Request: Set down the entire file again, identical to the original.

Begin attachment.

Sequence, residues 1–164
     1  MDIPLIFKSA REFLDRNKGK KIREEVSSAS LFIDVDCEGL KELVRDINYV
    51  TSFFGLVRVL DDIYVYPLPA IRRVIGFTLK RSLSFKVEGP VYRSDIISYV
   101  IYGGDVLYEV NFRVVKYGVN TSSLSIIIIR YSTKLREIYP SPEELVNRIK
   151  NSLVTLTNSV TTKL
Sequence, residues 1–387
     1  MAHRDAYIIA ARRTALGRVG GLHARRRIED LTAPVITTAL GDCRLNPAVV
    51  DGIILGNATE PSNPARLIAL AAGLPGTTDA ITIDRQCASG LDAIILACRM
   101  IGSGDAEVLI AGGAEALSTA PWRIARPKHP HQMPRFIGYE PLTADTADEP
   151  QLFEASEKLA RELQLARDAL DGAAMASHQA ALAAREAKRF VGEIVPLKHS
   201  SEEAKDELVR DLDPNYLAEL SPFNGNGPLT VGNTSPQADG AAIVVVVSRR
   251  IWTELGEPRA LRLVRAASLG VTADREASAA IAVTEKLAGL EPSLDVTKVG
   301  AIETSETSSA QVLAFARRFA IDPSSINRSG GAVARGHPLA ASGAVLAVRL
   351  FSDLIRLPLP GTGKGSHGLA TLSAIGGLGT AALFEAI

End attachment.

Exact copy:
Sequence, residues 1–164
     1  MDIPLIFKSA REFLDRNKGK KIREEVSSAS LFIDVDCEGL KELVRDINYV
    51  TSFFGLVRVL DDIYVYPLPA IRRVIGFTLK RSLSFKVEGP VYRSDIISYV
   101  IYGGDVLYEV NFRVVKYGVN TSSLSIIIIR YSTKLREIYP SPEELVNRIK
   151  NSLVTLTNSV TTKL
Sequence, residues 1–387
     1  MAHRDAYIIA ARRTALGRVG GLHARRRIED LTAPVITTAL GDCRLNPAVV
    51  DGIILGNATE PSNPARLIAL AAGLPGTTDA ITIDRQCASG LDAIILACRM
   101  IGSGDAEVLI AGGAEALSTA PWRIARPKHP HQMPRFIGYE PLTADTADEP
   151  QLFEASEKLA RELQLARDAL DGAAMASHQA ALAAREAKRF VGEIVPLKHS
   201  SEEAKDELVR DLDPNYLAEL SPFNGNGPLT VGNTSPQADG AAIVVVVSRR
   251  IWTELGEPRA LRLVRAASLG VTADREASAA IAVTEKLAGL EPSLDVTKVG
   301  AIETSETSSA QVLAFARRFA IDPSSINRSG GAVARGHPLA ASGAVLAVRL
   351  FSDLIRLPLP GTGKGSHGLA TLSAIGGLGT AALFEAI